VSLib Tutorial



VSLib User Overview.

VSLib Test User Overview.

VSLib Programming Interface.

Known Release Problems.


VSLib User Overview

VSLib, The Virtual Shape Library, uses optimization algorithms to solve geometry shape problems.  In VSLib, optimization problems are an indirect way to find the shapes of curves, surfaces, and volumes.  It is indirect because the user specifies the desired shape by describing its desired properties rather than specifying its shape parameters.  For example, consider a line segment.  The direct way of designing that segment is to specify that the curve is a line with two given end-points.  The indirect way is to ask for the shortest curve possible that connects two end points.  Both approaches build the exact same line.

When working with free-form shapes that have large shape parameter counts like BSpline curves, surfaces, and volumes, the indirect method shines, giving users a friendly method of design that saves them from directly editing shape parameter values. 

VSLib is meant to be used as a recipe; follow the steps below in their given order to design a shape.


  1. Specify the starting shape (curve, surface, or volume).
  2. Specify a minimization problem.
  3. Specify a list of constraints that must be satisfied (point and curve constraints).
  4. Specify the parameters for each constraint, e.g. point locations for point constraints.

  5. Specify a list of desired properties. (smoothing terms, point and curve loads).
  6. Specify the parameters for each properties, i.e. the gains for resistance to stretch and resistance to bending.

  7. Solve the problem and review the solution shape.
  8. Optionally, enter a design loop.
    1. Review the shape - typically looking at a rendering.
    2. Add, Remove, or Modify one or more of the constraints or loads.
    3. Solve - and return to step 4a. until an acceptable shape is found.

VSLib is to be used by people who may or may not be familiar with the underlying math to easily define interesting and beautiful shapes.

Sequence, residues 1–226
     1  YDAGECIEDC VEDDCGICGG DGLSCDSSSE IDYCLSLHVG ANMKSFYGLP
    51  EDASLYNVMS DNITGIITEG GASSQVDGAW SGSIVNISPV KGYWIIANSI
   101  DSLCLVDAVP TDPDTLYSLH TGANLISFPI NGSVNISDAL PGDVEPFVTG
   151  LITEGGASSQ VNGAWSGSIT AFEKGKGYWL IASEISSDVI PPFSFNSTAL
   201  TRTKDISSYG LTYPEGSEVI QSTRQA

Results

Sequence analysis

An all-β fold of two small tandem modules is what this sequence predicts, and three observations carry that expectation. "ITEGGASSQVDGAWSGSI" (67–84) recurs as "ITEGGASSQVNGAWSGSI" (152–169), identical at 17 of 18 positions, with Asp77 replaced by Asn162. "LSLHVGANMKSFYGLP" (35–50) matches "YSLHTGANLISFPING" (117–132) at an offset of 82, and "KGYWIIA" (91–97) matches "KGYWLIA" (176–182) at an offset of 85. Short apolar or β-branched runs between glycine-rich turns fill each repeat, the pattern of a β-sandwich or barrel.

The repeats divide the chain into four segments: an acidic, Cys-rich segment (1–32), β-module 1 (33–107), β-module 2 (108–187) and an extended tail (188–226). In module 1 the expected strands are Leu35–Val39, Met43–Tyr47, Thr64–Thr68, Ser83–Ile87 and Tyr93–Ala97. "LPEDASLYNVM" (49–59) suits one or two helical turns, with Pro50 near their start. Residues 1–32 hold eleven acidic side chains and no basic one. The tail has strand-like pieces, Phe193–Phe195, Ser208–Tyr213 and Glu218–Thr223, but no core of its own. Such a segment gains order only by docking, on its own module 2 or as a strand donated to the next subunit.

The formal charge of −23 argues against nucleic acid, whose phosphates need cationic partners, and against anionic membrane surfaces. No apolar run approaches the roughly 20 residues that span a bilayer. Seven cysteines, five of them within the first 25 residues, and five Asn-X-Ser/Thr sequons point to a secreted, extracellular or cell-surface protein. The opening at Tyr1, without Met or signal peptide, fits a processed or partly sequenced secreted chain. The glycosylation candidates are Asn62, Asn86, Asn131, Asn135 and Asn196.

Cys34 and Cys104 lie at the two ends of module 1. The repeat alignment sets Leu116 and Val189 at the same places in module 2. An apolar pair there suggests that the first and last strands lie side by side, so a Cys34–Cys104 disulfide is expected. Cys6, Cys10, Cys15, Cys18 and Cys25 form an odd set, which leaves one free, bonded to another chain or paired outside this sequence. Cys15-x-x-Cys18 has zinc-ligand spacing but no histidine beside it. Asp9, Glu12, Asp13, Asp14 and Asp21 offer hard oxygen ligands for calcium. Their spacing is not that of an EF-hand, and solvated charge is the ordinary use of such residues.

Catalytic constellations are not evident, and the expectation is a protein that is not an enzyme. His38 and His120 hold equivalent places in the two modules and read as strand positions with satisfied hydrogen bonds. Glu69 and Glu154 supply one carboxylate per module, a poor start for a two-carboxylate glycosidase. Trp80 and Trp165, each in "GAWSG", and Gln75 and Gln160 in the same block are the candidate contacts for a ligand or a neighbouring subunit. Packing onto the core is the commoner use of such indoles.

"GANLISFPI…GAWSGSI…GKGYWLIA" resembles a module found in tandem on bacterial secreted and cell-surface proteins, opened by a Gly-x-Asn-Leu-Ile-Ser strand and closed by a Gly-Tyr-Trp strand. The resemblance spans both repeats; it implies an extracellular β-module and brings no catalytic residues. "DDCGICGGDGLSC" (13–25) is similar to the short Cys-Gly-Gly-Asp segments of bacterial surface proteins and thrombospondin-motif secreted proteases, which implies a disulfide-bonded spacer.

VSLib Naming Conventions.  

VSLib is implemented in a C++ object hierarchy using templates so that the interface for curves, surfaces, or volumes is always the same.  All global functions start with the characters "VS_" followed by a camel capitalized description for the rest of the name, e.g. VS_GetMap().  All class names are camel capitalized and start with the characters "Vs" to make them unique in a user application, e.g. VsBoolean and VsErr.  All class names which are templated for curves, surfaces, and volumes end in the characters "Nd," a pneumonic for multi-dimensional.  In coding to these classes you have to supply the desired domain dimension value as part of the class name.  For example, points are multi-dimensional in VSLib and are implemented in the class VsPointNd.  Code to declare 1, 2, and 3 dimensional points looks like the following:

   VsPointNd<1> sPoint1d ;

   VsPointNd<2> sPoint2d ;

   VsPointNd<3> sPoint3d ;


The character strings "<1>", "<2>", and "<3>" are part of the class names and are required by C++ when programming.   However in this document such classes are presented without these strings whenever the comment applies equally to all dimensions.

Starter Shapes

VSLib starts with a curve, surface, or volume shape description.   In VSLib shapes are represented parametrically and as such are called maps since they map a set of points from a domain space to a set of points in an image space as:

Domain Space Points -> Map -> Image Space Points.

Curves, surfaces, and volumes are represented by the class VsMapNd as VsMapNd<1>, VsMapNd<2>, and VsMapNd<3> respectively.  A VsMapNd object can be translated from a pointer to a known format (currently just NLib's  Nurb format) or created from a list of knot, weight, and control point values. 

Minimization Problems

VSLib builds a minimization problem given a starter shape.  The minimization problem is encapsulated in the class VsQMinNd.  The class is called "QMin" rather than just "Min" because VSLib limits itself at this time to quadratic minimization problems, an interesting subset of all possible minimization problems.  All subsequent interactions for specifying the nature of the optimization problem, solving it, and getting its solution back out of the library are done through this top level object.

Minimization Terms

A minimization problem consists of a shape and a list of terms. Understanding and using the minimization terms effectively is the heart of exploiting VSLib for shape design.  Each term specifies either a constraint or a desired property to be optimized during the solution phase. The key idea for programmers and end-users to understand is that every unique combination of terms yields a different final shape, so desired shapes are designed by selecting desired combinations of minimization terms.

Minimization terms can be added or removed from their minimization problem independently.

Minimization terms all have parameters that can be modified at run time, each new combination of parameter values yields a new optimized shape.

Minimization term implementations are all derived from the class VsQTermNd.  A VsQMinNd minimization problem contains a list of VsQTermNd objects.

Default Shapes